I thought long and hard before writing this review. I went into the cinema knowing only that it was an Australian movie and, as you all know, I am a great supporter of local productions and try to see as many as I can. When I realised it was a religious/ faith movie, I was tempted to leave because it is just not for me. But I had watched and absolutely loved Emilio Estevez’s faith movie The Way (you can read my review here) so figured I would be a hypocrite to leave this one after just a few minutes. And so I stayed….
The movie centres around a devoted father and husband who is the local basketball coach. He also runs a local marine business and is clearly a pillar of the small, coastal community. He has 3 children and his eldest son, at 15 or so is pushing the boundaries…..as all kids that age tend to do. The family is a devoutly Christian family and all the young man wants is to be allowed to go out with his friends. His father is worried that the clash of youth venturing into the world and his devout upbringing will collide…..with faith losing out.
An unthinkable tragedy besets the family and the father wrestles with his own demons. He shuts out everyone, including his wife and children, refuses to coach the basketball team anymore and basically rages internally with his heart full of hatred. He does what any normal human being would do. He cannot forgive.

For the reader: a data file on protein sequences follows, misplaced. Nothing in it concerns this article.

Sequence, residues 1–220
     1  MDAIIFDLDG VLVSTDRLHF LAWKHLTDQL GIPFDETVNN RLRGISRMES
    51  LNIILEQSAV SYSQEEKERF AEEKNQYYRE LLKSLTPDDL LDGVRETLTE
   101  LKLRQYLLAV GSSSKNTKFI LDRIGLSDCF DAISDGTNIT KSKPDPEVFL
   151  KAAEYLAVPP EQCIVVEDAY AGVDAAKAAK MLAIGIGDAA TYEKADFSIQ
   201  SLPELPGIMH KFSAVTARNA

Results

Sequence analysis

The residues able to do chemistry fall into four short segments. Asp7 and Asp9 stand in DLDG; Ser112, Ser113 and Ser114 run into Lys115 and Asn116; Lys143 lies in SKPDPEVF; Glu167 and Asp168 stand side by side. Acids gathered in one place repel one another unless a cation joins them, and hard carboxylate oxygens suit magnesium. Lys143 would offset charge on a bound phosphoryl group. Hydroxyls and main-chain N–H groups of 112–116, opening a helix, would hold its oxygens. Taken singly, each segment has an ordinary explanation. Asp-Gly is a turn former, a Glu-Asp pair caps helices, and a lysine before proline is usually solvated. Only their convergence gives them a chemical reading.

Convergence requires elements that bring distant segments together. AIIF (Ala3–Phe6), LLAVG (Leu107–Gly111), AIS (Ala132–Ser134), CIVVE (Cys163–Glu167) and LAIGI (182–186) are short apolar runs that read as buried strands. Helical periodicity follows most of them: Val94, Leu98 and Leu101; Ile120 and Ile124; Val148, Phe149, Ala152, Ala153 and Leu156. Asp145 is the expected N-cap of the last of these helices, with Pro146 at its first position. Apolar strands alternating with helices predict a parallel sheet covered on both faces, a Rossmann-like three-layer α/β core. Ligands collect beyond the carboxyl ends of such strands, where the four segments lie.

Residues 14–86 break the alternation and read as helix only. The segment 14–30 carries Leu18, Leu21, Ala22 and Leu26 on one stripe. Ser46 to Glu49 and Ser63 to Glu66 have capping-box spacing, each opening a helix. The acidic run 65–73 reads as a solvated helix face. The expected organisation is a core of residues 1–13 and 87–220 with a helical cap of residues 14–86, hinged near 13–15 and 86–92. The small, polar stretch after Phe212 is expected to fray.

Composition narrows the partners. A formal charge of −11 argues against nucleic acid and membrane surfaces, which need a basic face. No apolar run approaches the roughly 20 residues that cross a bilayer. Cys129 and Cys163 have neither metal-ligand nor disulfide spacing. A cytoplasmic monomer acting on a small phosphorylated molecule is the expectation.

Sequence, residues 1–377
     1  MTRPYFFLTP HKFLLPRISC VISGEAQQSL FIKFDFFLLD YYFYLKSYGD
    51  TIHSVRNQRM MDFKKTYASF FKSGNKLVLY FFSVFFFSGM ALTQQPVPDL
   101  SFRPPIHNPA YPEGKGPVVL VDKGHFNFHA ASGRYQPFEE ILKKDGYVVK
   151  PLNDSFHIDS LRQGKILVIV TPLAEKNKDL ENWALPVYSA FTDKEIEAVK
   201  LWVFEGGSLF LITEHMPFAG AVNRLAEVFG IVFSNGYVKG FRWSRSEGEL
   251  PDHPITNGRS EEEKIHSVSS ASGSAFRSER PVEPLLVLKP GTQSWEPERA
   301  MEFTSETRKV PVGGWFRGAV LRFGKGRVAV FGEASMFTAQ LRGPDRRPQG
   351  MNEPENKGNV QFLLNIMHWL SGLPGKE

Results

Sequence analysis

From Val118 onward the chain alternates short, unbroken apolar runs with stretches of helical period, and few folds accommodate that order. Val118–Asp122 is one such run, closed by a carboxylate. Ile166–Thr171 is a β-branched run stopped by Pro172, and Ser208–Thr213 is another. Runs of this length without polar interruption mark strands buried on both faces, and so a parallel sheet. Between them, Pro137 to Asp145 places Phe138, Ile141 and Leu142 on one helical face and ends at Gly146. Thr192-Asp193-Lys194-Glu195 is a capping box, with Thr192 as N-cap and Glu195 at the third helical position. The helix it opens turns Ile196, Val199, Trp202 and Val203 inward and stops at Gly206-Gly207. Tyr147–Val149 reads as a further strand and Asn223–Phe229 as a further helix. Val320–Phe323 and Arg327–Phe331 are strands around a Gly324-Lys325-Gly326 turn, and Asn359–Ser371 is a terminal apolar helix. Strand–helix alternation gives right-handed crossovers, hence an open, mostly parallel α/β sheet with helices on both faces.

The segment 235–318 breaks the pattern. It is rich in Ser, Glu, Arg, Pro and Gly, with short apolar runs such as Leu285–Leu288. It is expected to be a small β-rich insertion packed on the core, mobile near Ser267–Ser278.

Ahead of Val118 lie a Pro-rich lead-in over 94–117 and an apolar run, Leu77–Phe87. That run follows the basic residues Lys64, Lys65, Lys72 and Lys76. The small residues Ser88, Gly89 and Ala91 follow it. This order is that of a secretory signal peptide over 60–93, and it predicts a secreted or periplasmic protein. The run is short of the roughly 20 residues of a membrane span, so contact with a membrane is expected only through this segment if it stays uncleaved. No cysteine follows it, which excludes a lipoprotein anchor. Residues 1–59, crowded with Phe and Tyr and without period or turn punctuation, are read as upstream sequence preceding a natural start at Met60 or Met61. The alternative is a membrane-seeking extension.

Gradually though, he starts to come around and agrees to coach the team again. The rest of the movie concentrates on overcoming adversity and forgiveness.
So what did I think?
This movie was touted as touching and moving and I found it to be neither. The use of religious content was overbearing and truly awkward at times. Of course, this is a faith movie so its to be expected that someone’s faith is to be tested. I get that. But there were scenes when the bible was quoted or a discussion ensued about faith when it was so absolutely irrelevant for the scene that it was almost unbearable to watch.
The teenage son was not trusted, on any level, by his father. We can’t keep our kids locked up forever and hide them from the temptations of the world….. we just have to hope we have raised them to make wise choices.
To the movie’s credit, the tragedy did not occur as expected and if I was in that same position, I know I would react the same way. But again, the cloying religious overtones ruined any feeling I had for the grieving family.
At the point when the playbook of the title was handed to the basketball team and it not only included basketball plays but religious quotes as well……thats when it lost me entirely. In no team, other than perhaps a team from a religious school, would it be acceptable to do such a thing. No team. Anywhere in Australia.
As I said at the start, I thought hard about even writing this review….. but here it is. I wanted nothing more than to find something, anything good about this Aussie indie movie but alas, I cannot. I will however congratulate all involved for your obvious hard work and more power to the Aussie movie industry.
Love Flick x
Director : Darran Scott
Starring : Mick Preston, Kath Gordon, Dennis Coard, Harry Borland, Lauren Clair, Lloyd Edwards, Oliver Bates
Release Date : In Selected Cinemas Now